2009-10 outlook: First, the bad news: Declines in free throw rate are a fairly ominous canary in the coal mine, and Bryant is 31 with a lot of mileage on his legs. For that reason, I don't think he'll match last season's numbers.

Having said that, I wouldn't expect a precipitous decline either. Bryant keeps himself in fantastic shape, has had few knee problems, and has already shown he has the smarts to adjust his game to whatever new realities his body deals him. Additionally, the Lakers should be able to manage his minutes very carefully and reduce the regular-season wear and tear. That, in fact, may be a bigger drain on his numbers than age -- if he plays only 34 minutes a game, his averages will drop no matter how well he plays.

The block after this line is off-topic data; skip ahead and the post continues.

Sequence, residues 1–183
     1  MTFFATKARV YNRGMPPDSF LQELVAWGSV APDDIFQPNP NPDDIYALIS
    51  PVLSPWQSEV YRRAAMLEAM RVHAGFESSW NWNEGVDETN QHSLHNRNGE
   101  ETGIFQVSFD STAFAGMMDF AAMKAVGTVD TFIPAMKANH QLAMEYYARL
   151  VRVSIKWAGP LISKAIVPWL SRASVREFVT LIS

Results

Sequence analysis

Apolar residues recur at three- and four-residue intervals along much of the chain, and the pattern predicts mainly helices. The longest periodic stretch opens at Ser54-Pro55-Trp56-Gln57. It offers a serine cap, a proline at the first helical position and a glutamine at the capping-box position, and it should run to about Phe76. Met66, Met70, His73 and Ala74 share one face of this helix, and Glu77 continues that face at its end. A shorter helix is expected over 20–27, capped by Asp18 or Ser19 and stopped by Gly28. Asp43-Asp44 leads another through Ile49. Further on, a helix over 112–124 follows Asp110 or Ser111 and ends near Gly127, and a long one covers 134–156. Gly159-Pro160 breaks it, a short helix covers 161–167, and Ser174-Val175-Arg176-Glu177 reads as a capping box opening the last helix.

Bryant is eligible to sign an extension with the Lakers that would keep him in uniform for at least three more years. The alternative is that he could opt out of his deal and choose unrestricted free agency next summer. Nobody expects the latter outcome, especially after he led L.A. to the title.


Pau Gasol:
2009-10 outlook: Gasol's rock-solid, year-to-year consistency translates into a predictably narrow range for his numbers this season. He'll average 20 points and 10 boards per 40 minutes while shooting in the mid-50s, with his minutes being the biggest variable. L.A.'s strength could prove to be his statistical detriment, because if Bynum stays healthy, Gasol is highly unlikely to match last season's average of 37 minutes per game. If so, that will drag his scoring and rebounding averages down to the 18 and 8 range, but it won't prevent him from making another All-Star team.